Did I spend weeks designing and specifying plant material for the shop garden this past February? No, absolutely not. I rarely think about the shop plantings until our work for clients is coming to a close. That means that I scout what seasonal plant material is still available in late June or early July. I actually don’t think it matters that much what we plant. What matters is that we plant. I am a fan of any person who plants. And doubly so for those who plant and plant again. I have no need to weigh in about what is good to plant. Anyone who plants trees, vegetables, perennials, shrubs or season plants in any configuration or design – I thank you and respect you for planting.  Planting is work, but it is entertaining and satisfying work. Making something grow is a good use of time in every sense of the phrase.

You might be aghast that the shop seasonal garden design and installation hinges on the left overs at those greenhouses where we shop, but I am used to this arrangement. I do not mind in the least bit being last in line. I relish the challenge. Any skilled designer should be able to make sense of an impromptu collection of plants they never expected to put together. Surprise is a vastly underrated design element. Surprise without angst, that is. I can always tell if a seasonal planting has been thrown together in a panic at the last minute. Last minute panic usually has that aura.  But last minute does not necessarily imply a lack of design. Designing from a very limited palette of plants available in equally limited numbers is my idea of a good time. Of course some outcomes are better or more interesting than others.

What is the most important factor in a beautiful planting? Well grown and maintained plants have to be at the top of that list. Some plants are not so much to my taste, but any well grown plant has a beauty that is undeniable. It takes effort not to admire a well grown and mature stand of shasta daisies. It is easy to pass over a planting that has had haphazard care, no matter how interesting and extraordinary the plants. The care and maintenance, as in on time watering, grooming, feeding, deadheading, dividing and weeding, is key to a beautiful planting. The window boxes pictured above get a good deal of attention over the summer. As we are in love and in business over the garden, I insist that we take great care of our plantings. The star of our show in the window boxes is a new Proven Winners angelonia known as “Steel Blue”. My grower got a number of cuttings in late, and when we were ready to plant they were looking extraordinarily good.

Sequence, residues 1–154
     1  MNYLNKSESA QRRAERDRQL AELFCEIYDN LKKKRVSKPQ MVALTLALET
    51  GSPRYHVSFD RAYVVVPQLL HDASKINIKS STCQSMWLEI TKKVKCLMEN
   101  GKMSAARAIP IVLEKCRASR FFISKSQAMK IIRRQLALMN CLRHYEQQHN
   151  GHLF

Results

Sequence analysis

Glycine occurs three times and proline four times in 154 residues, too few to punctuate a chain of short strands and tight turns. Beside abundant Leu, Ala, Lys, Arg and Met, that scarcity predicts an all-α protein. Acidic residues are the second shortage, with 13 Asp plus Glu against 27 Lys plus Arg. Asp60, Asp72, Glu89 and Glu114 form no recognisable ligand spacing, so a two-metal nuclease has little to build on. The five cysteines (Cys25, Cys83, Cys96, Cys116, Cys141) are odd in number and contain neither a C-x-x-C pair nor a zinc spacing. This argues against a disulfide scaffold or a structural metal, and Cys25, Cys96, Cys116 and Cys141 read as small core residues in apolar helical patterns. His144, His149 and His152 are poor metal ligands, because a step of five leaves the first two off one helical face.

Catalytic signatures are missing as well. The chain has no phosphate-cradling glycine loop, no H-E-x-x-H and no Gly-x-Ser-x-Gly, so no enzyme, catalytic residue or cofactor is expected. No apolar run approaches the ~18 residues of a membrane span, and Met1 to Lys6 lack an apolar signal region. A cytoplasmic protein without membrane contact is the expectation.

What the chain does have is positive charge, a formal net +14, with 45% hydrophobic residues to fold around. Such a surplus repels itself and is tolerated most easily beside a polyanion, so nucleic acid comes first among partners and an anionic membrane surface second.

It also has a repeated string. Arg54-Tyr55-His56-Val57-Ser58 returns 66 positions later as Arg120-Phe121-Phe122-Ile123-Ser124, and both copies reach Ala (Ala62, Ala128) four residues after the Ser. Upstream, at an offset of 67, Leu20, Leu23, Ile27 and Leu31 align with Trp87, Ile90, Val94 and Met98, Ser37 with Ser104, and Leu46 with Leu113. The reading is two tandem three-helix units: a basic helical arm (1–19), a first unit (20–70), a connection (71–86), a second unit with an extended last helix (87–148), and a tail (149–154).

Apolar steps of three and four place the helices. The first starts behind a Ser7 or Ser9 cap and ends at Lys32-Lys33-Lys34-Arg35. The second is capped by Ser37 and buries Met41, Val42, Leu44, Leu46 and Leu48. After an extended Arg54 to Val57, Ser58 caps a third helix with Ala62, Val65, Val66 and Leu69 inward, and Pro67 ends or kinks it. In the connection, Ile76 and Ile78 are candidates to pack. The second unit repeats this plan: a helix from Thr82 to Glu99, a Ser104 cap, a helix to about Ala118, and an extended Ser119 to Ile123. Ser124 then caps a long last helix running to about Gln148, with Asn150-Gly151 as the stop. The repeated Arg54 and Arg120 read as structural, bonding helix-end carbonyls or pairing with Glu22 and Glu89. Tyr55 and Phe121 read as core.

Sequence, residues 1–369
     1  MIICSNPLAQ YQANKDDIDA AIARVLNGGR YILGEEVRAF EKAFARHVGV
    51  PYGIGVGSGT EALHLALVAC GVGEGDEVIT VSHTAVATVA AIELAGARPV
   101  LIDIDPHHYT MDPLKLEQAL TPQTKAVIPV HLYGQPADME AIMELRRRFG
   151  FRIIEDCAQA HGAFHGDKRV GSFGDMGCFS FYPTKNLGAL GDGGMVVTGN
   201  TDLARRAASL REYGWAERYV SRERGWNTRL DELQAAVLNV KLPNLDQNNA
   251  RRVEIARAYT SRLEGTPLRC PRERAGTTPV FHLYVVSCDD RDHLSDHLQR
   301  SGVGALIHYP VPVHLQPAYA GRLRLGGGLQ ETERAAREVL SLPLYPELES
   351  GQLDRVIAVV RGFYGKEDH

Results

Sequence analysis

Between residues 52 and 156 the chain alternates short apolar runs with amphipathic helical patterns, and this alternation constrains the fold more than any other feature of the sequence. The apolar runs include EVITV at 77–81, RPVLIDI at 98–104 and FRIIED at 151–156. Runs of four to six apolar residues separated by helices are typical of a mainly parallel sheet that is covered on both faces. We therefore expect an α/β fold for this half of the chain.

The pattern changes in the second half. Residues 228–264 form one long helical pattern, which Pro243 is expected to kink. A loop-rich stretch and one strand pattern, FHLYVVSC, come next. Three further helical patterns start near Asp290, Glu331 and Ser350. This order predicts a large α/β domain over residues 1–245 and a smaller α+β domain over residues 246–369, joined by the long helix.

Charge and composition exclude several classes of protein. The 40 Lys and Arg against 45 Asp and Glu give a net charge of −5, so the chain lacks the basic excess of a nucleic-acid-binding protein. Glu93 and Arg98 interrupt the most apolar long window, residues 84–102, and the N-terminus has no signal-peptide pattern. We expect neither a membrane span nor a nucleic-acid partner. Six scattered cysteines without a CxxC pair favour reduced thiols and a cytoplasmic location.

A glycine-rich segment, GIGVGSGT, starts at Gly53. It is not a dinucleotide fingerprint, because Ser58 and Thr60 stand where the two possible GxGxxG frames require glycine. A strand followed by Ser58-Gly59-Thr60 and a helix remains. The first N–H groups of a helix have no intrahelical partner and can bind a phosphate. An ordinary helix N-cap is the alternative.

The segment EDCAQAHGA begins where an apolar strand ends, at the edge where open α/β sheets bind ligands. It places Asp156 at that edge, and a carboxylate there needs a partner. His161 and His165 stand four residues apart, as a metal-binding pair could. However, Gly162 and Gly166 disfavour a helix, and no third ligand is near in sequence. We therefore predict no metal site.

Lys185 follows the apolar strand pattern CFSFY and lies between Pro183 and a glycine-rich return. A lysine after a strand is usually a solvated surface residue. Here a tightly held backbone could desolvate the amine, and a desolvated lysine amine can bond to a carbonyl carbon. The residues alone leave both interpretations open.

I am very impressed by its performance. They grow tall on sturdy stems, and they seem to handle hot and humid weather without skipping a beat. That pale carmine color is beautiful. That color so echoes the striking color of bordeaux petunias. Summer snapdragon-what a charming common name for this seasonal plant. They relish the heat, and they bloom profusely. They look especially good paired with nicotiana “Purple Perfume”, which is an all-America selection. An All America selection? Look to this designation for plants that are likely to perform beautifully throughout our summer season. The All America designation is not awarded to many. It is conferred upon plants that thrive. Lime nicotiana and creeping jenny is companionable with almost any color scheme. Green is a neutral color in the garden.

This yellow and carmine purple scheme looks great on a sunny day.

This cream yellow and lavender bicolor verbena named Limoncello tells the story of our pale yellow and purple color scheme. It is a new plant for us.

The petunias further represent the surprise combination of colors thematic to the summer planting at the shop. The color contrast is soft, and engaging. Our grower’s good supply of petunias played a substantial role in the design.